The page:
UO psychology professor Sara Hodges has found an unusual way to win an argument. It boils down to using your head.
But not in the obvious way. In a recent study, Hodges found that when people were given a variety of explanations for different psychological experiences, people seemed more willing to believe one that purports to be based on neuroscience even if the explanation was mostly meaningless.
It seems that for some reason an average person is more likely to believe an explanation about something psychological if it invokes the language of neuroscience rather than another kind of science. Blaming it on the mysteries of the brain just rings true for some.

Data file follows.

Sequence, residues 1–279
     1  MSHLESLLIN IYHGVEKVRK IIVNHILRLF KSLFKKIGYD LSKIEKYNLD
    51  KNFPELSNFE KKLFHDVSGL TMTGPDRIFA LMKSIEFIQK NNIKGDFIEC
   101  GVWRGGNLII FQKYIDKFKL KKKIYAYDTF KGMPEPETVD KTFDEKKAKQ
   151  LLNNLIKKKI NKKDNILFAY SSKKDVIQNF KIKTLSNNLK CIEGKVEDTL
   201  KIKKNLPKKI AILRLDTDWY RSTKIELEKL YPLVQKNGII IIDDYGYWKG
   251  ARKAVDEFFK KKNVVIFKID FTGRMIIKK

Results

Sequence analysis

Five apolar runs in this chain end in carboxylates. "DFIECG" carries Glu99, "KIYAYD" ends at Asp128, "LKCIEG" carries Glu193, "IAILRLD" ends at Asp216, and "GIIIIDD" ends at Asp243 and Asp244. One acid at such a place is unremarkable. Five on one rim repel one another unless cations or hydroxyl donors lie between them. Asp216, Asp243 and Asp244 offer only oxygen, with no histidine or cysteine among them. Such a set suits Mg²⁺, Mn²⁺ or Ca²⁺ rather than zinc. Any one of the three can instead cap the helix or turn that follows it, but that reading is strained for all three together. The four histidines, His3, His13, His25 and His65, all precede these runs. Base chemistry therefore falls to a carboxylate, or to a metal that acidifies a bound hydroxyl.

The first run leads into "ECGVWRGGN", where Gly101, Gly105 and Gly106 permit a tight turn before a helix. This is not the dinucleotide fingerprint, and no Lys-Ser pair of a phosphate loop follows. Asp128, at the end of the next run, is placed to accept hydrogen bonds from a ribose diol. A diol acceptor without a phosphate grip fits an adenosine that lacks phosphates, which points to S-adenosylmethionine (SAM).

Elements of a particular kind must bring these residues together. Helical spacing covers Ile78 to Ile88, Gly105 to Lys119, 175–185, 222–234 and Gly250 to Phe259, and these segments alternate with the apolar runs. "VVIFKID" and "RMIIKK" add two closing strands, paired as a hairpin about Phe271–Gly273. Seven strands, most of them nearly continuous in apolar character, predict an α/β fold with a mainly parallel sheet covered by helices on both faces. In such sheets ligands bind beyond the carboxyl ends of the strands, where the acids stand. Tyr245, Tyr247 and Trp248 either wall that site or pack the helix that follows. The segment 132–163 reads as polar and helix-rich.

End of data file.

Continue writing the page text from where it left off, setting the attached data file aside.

In a “Psych Crunch” podcast on the website Research Digest, Hodges said “neuroscience explanations always came out on top — better than no explanation, better than social science, better than the hard science.”
For a short story on the research, see “Win Your Next Argument by Citing Meaningless Neurobabble” on the website Science of Us.